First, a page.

"Between year-end 2015 and year-end 2016, the rate of imprisonment for black adults decreased 4% (from 1,670 per 100,000 in 2015 to 1,608 per 100,000 in 2016) (figure 2). The imprisonment rate declined 29% since 2006 (2,261 per 100,000). The rate for white adults decreased 2% between 2015 (281 per 100,000) and 2016 (274 per 100,000), and it declined 15% during the past decade (324 per 100,000 in 2006). The imprisonment rate for Hispanic adults decreased 1%, from 862 per 100,000 in 2015 to 856 in 2016.
The US Dept. of Justice's Bureau of Justice Statistics reported that on Sept. 30, 2012, there were a total of 187,773 people sentenced and serving time in US federal prison for any offense. Of those, 97,214 people (51.8% of the total) had as their most serious charge a drug offense: 96,907 of them for drug trafficking or manufacture (51.6% of the total), 296 for drug possession (0.16% of the total), and 11 for "other"* drug offenses.
The US Dept. of Justice's Bureau of Justice Statistics reports that at yearend 2015, 1,298,159 people were serving sentences in state prisons in the US, of whom 197,200 (15.2% of the total) had as their most serious offence a drug charge: 44,700 for drug possession (3.4% of the total), and 152,500 for "other" drug offenses, including manufacturing and sale (11.7% of the total).
"On December 31, 2016, an estimated 2,162,400 persons were either under the jurisdiction of state or federal prisons or in the custody of local jails—10,400 fewer persons than in 2015. By year-end 2016, the number of persons incarcerated in state or federal prisons or local jails fell to the lowest level observed since 2004 (2,136,600) (not shown).
"The United States had an estimated 1,505,400 prisoners under the jurisdiction of state and federal correctional authorities as of December 31, 2016 (year-end). This was a decline of 21,200 prisoners (down 1%) from year-end 2015. State prisons held 13,900 fewer prisoners in 2016 than in 2015, while the federal prison population decreased by 7,300 (down almost 4%). For sentenced prisoners, the imprisonment rates at year-end 2016 were the lowest since 1997, with 450 prisoners per 100,000 U.S. residents of all ages and 582 per 100,000 U.S. residents age 18 or older (figure 1).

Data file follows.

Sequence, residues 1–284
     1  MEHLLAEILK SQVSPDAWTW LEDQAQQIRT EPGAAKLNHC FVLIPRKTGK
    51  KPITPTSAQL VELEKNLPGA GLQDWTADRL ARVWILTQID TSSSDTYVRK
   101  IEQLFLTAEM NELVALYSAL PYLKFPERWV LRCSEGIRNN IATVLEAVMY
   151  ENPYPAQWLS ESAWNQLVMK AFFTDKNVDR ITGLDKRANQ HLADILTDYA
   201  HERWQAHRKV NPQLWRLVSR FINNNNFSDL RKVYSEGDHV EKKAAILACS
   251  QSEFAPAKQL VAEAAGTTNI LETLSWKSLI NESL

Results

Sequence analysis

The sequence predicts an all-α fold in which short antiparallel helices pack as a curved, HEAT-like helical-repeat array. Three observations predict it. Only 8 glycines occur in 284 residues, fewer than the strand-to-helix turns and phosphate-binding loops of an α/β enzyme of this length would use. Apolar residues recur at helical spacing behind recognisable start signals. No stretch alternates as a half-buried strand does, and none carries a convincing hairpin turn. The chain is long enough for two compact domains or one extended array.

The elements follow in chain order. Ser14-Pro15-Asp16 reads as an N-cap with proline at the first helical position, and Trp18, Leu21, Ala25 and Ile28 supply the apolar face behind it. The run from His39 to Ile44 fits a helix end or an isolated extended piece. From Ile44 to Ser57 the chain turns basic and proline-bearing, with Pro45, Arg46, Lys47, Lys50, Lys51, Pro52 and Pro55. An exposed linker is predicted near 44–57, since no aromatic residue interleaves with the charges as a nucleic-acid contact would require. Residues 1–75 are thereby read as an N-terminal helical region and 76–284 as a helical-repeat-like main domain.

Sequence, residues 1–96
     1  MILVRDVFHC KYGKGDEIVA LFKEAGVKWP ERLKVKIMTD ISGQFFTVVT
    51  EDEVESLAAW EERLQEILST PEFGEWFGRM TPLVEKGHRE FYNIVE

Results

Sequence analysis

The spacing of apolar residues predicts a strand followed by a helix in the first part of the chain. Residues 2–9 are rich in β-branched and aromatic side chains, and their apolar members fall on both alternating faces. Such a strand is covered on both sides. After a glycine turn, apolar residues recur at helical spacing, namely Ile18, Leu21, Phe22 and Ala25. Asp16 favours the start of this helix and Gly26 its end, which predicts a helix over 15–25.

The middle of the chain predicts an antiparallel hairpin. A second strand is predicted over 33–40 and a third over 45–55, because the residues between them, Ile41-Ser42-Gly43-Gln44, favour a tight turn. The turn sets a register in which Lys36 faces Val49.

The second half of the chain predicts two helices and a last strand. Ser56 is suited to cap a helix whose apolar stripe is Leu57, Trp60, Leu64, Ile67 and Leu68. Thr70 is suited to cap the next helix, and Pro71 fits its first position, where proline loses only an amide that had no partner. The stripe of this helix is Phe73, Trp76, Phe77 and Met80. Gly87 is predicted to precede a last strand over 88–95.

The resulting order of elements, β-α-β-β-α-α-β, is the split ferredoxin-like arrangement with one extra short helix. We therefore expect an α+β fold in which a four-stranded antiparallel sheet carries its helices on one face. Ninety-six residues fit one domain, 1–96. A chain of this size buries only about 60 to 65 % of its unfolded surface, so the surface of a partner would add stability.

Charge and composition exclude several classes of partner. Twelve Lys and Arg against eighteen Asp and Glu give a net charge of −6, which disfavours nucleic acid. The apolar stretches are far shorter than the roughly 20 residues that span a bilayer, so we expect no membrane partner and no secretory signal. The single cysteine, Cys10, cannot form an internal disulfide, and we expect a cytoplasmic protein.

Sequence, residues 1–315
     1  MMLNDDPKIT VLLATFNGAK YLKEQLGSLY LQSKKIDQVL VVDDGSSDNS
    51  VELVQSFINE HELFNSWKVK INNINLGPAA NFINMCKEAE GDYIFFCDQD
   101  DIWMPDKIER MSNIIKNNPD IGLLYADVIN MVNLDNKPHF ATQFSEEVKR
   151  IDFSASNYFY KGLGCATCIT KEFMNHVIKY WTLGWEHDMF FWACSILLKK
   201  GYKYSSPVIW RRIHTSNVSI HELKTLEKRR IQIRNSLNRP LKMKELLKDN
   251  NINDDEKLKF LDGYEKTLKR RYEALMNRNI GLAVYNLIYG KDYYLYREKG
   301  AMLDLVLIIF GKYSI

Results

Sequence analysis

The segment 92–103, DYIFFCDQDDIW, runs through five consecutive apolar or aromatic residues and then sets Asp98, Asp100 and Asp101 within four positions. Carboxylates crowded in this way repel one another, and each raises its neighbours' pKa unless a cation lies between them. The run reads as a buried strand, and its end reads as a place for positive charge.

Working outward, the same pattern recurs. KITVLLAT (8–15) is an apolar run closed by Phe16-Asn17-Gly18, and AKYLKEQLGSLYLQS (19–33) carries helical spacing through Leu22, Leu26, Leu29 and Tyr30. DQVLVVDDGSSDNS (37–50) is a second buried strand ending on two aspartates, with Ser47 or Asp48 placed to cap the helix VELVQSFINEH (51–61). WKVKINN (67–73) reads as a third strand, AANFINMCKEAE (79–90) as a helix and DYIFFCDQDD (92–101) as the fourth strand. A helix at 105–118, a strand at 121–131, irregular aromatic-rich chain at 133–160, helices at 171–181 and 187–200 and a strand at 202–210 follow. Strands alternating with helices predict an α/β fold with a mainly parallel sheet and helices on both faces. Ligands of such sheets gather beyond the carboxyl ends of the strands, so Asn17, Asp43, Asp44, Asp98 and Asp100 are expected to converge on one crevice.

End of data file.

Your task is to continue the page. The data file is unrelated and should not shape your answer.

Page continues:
"As of 1 January 2012, there were a total of 4,052 inmates in Norwegian prisons, including those serving their sentences at home with electronic monitoring and those remanded in custody. Of all inmates at the start of the year, 29 per cent were serving sentences for drug offences (2011: 30%), 22 per cent for crimes against property and 21 per cent for violent crimes as their primary offence. Of the 910 persons held on remand at the start of 2012, 36 per cent had drug crime as their primary offence, approximately the same proportion as in 2011 (37%)."
In 2015, federal prisons held a total of 185,917 sentenced adult prisoners. Of those, 13,700 had a violent offense as the most serious charge for which they had been sentenced, 11,200 had a property offense as the most serious charge for which they had been sentenced, 92,000 had a drug offense as the most serious charge for which they had been sentenced, and 67,500 had a public order offense as the most serious charge for which they had been sentenced. Additionally, there were 1,400 for whom the charges were unknown or unspecified.
In 2015, there were 2,168,400 people behind bars in the US. This includes state and federal prisons as well as local and county jails. Of these, 195,800 people were federal prisoners, and 1,244,400 were state prisoners, and local jails held a total of 728,200 people. The adult incarceration rate in 2015 was 670 people per 100,000 US residents of all ages, or 870 people per 100,000 US residents aged 18 or older.
"Of the 2.3 million inmates in custody, 2.1 million were men and 208,300 were women (table 9). Black males represented the largest percentage (35.4%) of inmates held in custody, followed by white males (32.9%) and Hispanic males (17.9%).
"Over a third (33.8%) of the total male custody population was ages 20 to 29 (appendix table 10). The largest percentage of black (35.5%) and Hispanic (39.9%) males held in custody were ages 20 to 29. White males ages 35 to 44 accounted for the largest percentage (30.1%) of the white male custody population.
(2012) States spent $53.2 billion on Corrections in 2012. That year, states spent $171.8 billion on Higher Education and only $24.4 billion on Public Assistance.
(2011) States spent $52 billion on Corrections in 2011. That year, states spent $171.8 billion on Higher Education and only $27.6 billion on Public Assistance.
(2010) States spent $51.1 billion on Corrections in 2010. That year, states spent $164.8 billion on Higher Education and only $26.6 billion on Public Assistance.